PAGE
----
Graph-Powered Machine Learning Q&A - all your questions answered by Alessandro Negro

· 3 min read

As you know, last week, we hosted an open Q&A event with our very own Dr. Alessandro Negro - the Chief Scientist at GraphAware and author of the book Graph-Powered Machine Learning. In this short blog post, we’d like to share some of the highlights from the event for those of you who missed it.

The event opened with an introduction from GraphAware CEO, Michal Bachman, who shared his excitement over the perfect timing of the book. To quote, Michal said, more and more people are starting to realize that graphs and machine learning are “a natural fit, a match made in heaven.”

Alessandro also highlighted the perfect timing of the book being published, bringing value for people who are currently using graphs and starting to realize they want to do something more. “As if we could see the future.”

Graph-Powered Machine Learning should definitely be on the to-read list of every data scientist as it talks about new possibilities and opportunities to solve problems in the field. However, the book is also a good read for industry newbies. For instance, the first three chapters provide a broader understanding of the field, and the simple introductory sections in each part of the book introduce the reader to the main problems of recommendation, fraud detection, and natural language processing. The book can also serve as a bible of graph-powered machine learning, referring, and pointing you to many other articles and books that can provide more insight and information on certain topics.

Here are some more event highlights:

Top issues machine learning can help with

One thing that machine learning can do better than humans is processing vast amounts of data faster. Humans, on the other hand, are better at making accurate decisions. Thus, machines and machine learning can be beneficial in dealing with issues that require large amounts of data to be processed fast. The key to solving projects that we could not solve effectively before is the collaboration of machines and humans. This brings us to one of the core beliefs we hold at GraphAware, and share with Alessandro - AI should be understood as augmented rather than artificial intelligence. In other words, machines and humans have the potential to accomplish more complex tasks when working together. We want to help make this happen faster by drawing attention to the human at the center of this collaboration. We believe human abstracting capabilities will be the power of AI in the future.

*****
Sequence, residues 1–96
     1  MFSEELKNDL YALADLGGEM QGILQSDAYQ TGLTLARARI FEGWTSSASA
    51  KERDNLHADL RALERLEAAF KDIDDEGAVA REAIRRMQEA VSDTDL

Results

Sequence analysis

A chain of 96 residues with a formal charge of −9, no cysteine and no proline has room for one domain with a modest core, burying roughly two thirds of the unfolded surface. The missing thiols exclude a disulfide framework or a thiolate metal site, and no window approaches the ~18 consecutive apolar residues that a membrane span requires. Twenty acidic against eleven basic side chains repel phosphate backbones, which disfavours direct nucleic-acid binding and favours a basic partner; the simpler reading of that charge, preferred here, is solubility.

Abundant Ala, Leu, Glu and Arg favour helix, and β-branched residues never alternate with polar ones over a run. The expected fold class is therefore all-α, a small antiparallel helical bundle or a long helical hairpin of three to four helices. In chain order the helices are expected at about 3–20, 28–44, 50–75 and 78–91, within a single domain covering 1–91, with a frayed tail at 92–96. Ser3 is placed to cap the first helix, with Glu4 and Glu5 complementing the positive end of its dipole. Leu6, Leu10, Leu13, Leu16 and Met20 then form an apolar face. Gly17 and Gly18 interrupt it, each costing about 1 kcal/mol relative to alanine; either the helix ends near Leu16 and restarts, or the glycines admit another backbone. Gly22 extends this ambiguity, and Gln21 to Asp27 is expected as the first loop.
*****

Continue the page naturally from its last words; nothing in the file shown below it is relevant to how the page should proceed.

Scalability = the key challenge to fast adoption of graph-powered machine learning

The key obstacle to the fast adoption of graph-powered machine learning is the dimension of the data many organizations nowadays have. The large amounts of data we have, and keep collecting, translates to the issues of processing it, managing the source of knowledge, finding the right hardware, software, and algorithms to use to process this amount of data. Scalability is thus the next big challenge that will need to be dealt with in the future.

The story behind the cover

The author is a proud Italian from Apulia, who wanted to honor his roots and origin. That is why the cover features a Tarantella dancer - Tarantella is a traditional folk dance of the Apulia region that is still a living tradition today. You can read more about this in the first pages of the book. (Special thanks to Manning, for allowing him to do this as they usually choose the covers of the books they publish themselves.)

Alessandro’s favorite machine learning project

When Alessandro started with machine learning, he wrote the first library on top of Neo4j that provided recommendations. This library, and the approaches used in it, are still applicable now. Yet, recommendations are one of the most needed (across various contexts and industries), and the most challenging machine learning projects. That is why - partly due to the sentiment and the challenging nature and complexity of recommendations - they are still Alessandro’s personal favorite.

The second book

And finally, we need to talk about the second book. This book will be a continuation of Graph-Powered Machine Learning, and will focus on Knowledge Graphs and knowledge graph algorithms. Our whole research team is writing the book, so you’re really in for a treat. The MEAP version should be available by Manning by the beginning of next year, meaning you will most likely be able to read the first chapters in January or February.

Additional resources:

[VIDEO] Watch the recording of the event

[BLOG] Read the overview of the first chapter of Graph-Powered Machine Learning

Alexandra Klacanova